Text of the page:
Monday, July 23, 2012

Confidence and Self Defence

Advanced Aikido, 2006, Phong Tong Dang and Lynn Seiser, Part 4: Advanced Applications: Taking Your Practice To The Next Level, Chapter 13: Self-Defence Techniques: 'It is false confidence cultivated through unrealistic training that leads to many injuries or deaths in self-defence.'

These types of statements concerning the realities of combat are common within the martial arts. It could also be argued that these types of statements are also forms of false confidence.

One of the definitions of confidence in the Oxford Dictionary is: the state of feeling certain about the truth of something. Dang and Seiser would have absolute confidence in the truth of their statement. Many martial arts instructors would likewise have absolute confidence in the truth of the insights they espouse. Dang and Seiser's statement is clearly unsupportable. The same can be said for many of the insights espoused by martial arts instructors.

Siddle (Sharpening the Warrior's Edge 1995) suggests that developing confidence in training should be the primary goal of survival instructors. He explains that confidence implies a mental state which is void of fear, anxiety or self doubt.

'Confidence' is a tricky thing. Another definition of confidence is: a feeling of self-assurance arising from an appreciation of one's own abilities or qualities. Based on this definition, it could be argued that a warrior needs to lack confidence if they are to be courageous.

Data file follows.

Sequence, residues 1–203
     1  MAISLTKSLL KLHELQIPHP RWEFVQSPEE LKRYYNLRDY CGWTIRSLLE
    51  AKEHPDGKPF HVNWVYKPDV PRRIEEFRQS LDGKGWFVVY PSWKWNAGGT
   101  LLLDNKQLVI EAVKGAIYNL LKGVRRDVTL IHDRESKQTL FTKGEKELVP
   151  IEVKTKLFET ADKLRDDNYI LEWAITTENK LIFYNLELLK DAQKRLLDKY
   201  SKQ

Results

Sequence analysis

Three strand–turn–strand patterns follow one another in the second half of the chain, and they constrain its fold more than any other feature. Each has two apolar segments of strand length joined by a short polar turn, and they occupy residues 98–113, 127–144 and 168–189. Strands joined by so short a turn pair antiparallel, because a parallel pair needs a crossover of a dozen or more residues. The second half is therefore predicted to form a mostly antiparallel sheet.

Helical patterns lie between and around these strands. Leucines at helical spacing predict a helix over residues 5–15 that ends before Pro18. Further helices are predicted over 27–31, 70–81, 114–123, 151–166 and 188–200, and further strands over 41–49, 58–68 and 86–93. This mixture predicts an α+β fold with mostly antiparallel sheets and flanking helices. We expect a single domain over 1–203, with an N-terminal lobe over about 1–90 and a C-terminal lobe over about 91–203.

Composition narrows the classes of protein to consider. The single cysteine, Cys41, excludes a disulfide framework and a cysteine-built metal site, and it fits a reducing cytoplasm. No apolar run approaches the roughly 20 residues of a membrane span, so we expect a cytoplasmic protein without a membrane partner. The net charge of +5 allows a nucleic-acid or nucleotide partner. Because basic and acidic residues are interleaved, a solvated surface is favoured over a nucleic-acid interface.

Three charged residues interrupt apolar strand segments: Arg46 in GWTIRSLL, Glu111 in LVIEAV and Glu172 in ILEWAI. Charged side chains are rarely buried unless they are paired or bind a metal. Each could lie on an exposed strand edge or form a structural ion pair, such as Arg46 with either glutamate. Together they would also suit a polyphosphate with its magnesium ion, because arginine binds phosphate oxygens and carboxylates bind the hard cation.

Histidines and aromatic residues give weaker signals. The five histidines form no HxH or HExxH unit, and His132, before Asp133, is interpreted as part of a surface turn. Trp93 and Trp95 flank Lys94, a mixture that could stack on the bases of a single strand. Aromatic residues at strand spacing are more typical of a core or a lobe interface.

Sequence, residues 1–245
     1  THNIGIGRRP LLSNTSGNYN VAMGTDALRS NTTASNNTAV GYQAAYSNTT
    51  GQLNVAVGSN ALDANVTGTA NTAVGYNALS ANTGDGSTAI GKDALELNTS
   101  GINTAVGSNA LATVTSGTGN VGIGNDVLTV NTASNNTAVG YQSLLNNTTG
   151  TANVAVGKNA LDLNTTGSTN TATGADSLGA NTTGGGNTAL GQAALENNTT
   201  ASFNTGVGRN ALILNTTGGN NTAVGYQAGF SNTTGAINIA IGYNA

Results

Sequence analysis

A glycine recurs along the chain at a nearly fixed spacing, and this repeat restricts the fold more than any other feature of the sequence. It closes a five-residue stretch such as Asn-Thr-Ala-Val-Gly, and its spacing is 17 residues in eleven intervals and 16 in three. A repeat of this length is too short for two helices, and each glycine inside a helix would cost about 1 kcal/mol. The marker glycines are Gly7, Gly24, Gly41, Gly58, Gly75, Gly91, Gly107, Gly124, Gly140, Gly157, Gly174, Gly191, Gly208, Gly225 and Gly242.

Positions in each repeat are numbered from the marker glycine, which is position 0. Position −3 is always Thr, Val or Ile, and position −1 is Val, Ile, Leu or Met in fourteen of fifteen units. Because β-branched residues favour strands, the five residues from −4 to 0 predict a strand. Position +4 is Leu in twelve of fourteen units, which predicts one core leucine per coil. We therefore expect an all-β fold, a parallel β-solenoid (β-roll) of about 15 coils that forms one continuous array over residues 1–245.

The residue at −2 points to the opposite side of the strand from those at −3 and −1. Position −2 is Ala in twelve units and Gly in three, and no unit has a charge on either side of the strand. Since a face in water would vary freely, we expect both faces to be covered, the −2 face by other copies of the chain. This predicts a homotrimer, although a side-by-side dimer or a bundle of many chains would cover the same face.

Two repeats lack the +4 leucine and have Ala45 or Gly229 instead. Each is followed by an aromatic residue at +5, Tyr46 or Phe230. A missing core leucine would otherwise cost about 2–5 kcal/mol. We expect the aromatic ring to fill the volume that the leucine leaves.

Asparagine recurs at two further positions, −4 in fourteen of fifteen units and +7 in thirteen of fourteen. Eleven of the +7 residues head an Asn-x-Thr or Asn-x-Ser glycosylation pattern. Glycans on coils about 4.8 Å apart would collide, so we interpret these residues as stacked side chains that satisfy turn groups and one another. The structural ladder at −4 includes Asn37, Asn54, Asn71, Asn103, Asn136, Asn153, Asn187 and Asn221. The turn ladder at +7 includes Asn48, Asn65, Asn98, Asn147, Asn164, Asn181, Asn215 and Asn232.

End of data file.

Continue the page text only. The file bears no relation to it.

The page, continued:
The U.S. Army's Field Manual 7-21.13 (Department of the Army 2007) lists courage as one of the Army Values and personal obligations of every soldier. It explains that courage is not the absence of fear, but it is the taking of positive action in spite of the fear. Thus fear has to be present for courage to be present.

I have written before about a concept I've developed - the survival process. It refers to our evolved survival mechanism. A stimulus is appraised and based on that appraisal a feeling and physiological response may be elicited. The feeling leads to an urge to action which may or may not result in a behavioural response that is intended to deal with the initiating stimulus.

The appraisal process is made up of three parts. (1) initial appraisal - irrelevant, benign-positive, stress. If appraised as being stressful, it is then categorised as harm, threat, or challenge. (2) An initial appraisal of harm, threat, or challenge leads to a secondary appraisal which is an evaluation of the resources and abilities to deal with the harm, threat, or challenge. (3) The final component in the appraisal process is reappraisal which is constantly in action and is based on changing circumstances in dealing with the harm, threat, or challenge.

Confidence arises from the secondary appraisal; the evaluation of resources and abilities to deal with the harm, threat, or challenge. If we do not believe we have sufficient resources or abilities to deal with the harm, threat, or challenge, a feeling of anxiety or fear is elicited. Fear can only be present if we do not believe our resources and abilities are sufficient to deal with the harm, threat, or challenge. That is to say, fear can only be present if we lack confidence.